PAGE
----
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Sudan’s army and rival paramilitary force in fresh peace talks in Jeddah

Sudan’s army and rival paramilitary force in fresh peace talks in Jeddah
The leaders of Sudan's warring sides: RSF commander Mohamed Hamdan Daglo (L) and Sudan's army chief Abdel Fattah al-Burhan (R)   -  
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KIRAN RIDLEY/AFP or licensors

Saudi Arabia

The Sudanese army and its rival paramilitary force resumed peace talks last week in a new push to end the nearly seven-month conflict between Sudan’s warring factions.

The revived talks between representatives from the Sudanese army, led by Abdel-Fattah Burhan, and the Rapid Support Force paramilitary, commanded by Mohamed Hamdan Dagalo, are underway in the Saudi coastal city of Jeddah, the kingdom’s foreign ministry said in a statement Tursday (Oct. 26). The talks are being brokered by both Riyadh and Washington, the statement said.

The RSF and the army both confirmed on Wednesday (Oct. 25) that they would participate in the talks.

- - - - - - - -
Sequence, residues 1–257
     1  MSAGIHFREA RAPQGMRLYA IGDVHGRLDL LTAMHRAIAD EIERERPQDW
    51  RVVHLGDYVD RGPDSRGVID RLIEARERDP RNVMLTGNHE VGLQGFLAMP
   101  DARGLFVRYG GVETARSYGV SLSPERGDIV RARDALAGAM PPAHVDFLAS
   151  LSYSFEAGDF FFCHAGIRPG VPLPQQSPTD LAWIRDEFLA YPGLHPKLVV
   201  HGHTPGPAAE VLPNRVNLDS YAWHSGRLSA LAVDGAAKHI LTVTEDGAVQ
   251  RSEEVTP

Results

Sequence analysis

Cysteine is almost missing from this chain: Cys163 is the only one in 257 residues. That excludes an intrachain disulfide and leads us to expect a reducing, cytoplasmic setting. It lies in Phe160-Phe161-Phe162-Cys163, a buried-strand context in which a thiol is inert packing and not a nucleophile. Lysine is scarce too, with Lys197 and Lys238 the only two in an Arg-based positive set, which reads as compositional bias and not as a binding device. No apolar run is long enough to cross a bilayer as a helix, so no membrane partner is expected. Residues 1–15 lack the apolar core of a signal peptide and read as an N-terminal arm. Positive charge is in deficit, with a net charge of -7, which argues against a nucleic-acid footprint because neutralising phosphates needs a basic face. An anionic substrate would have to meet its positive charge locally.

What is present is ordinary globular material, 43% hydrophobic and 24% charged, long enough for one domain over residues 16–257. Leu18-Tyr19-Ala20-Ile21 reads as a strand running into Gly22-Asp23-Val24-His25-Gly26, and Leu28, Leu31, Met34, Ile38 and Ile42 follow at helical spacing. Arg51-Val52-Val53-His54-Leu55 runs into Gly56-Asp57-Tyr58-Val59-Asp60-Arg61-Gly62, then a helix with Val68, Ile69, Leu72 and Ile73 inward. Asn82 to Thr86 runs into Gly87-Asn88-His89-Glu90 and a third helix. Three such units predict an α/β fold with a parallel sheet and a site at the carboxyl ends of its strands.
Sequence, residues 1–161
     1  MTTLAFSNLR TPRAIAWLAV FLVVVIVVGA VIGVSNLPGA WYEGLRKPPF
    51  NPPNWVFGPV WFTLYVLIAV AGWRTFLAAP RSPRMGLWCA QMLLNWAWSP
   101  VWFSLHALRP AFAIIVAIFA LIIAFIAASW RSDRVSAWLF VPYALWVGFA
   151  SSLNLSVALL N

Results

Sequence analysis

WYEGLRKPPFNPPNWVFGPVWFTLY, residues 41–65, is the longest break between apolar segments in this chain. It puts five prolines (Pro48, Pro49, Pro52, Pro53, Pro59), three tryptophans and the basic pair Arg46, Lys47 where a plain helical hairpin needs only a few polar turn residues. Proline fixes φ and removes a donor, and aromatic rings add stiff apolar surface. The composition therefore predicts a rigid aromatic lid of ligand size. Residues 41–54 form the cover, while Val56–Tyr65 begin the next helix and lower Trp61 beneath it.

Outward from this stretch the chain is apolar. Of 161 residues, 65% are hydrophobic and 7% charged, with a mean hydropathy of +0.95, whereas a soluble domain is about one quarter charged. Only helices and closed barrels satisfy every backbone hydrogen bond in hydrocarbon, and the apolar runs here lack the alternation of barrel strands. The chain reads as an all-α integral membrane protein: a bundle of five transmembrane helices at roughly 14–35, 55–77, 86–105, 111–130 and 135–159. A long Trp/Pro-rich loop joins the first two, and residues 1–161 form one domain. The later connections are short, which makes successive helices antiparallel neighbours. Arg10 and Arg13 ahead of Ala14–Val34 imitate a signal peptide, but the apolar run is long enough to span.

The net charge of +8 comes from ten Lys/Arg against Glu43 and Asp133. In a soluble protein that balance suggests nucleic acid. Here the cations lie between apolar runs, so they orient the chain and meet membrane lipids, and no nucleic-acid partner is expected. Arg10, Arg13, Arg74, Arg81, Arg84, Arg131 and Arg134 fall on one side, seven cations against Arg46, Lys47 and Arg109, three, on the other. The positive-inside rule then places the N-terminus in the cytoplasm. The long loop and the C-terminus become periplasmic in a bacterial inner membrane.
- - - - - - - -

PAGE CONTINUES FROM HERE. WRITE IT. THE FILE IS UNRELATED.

Sudan was plunged into chaos in mid-April, when simmering tensions between the military and the RSF exploded into open warfare in the capital, Khartoum, and other areas across the east African nation.

The conflict has reduced the capital, Khartoum, and other urban areas into battlefields, wrecking the country’s already dilapidated infrastructure.

The previous peace talks were held in Jeddah earlier this year but broke down in late June. Washington and Riyadh accused both sides of failing to abide by cease-fire deals they had agreed to. Since April there have been at least 9 temporary cease-fire deals and all have foundered.

In its statement, the Saudi foreign ministry said it hoped the fresh negotiations will lead to another cease-fire agreement and also a political agreement that will “return security, stability and prosperity for Sudan and its people.”

More than 9,000 people have been killed in the conflict, according to the Armed Conflict Location & Event Data project, which tracks Sudan’s war.

The fighting has driven over 4.5 million people to flee their homes to other places inside Sudan and more than 1.2 million to seek refuge in neighboring countries, the U.N. migration agency says.

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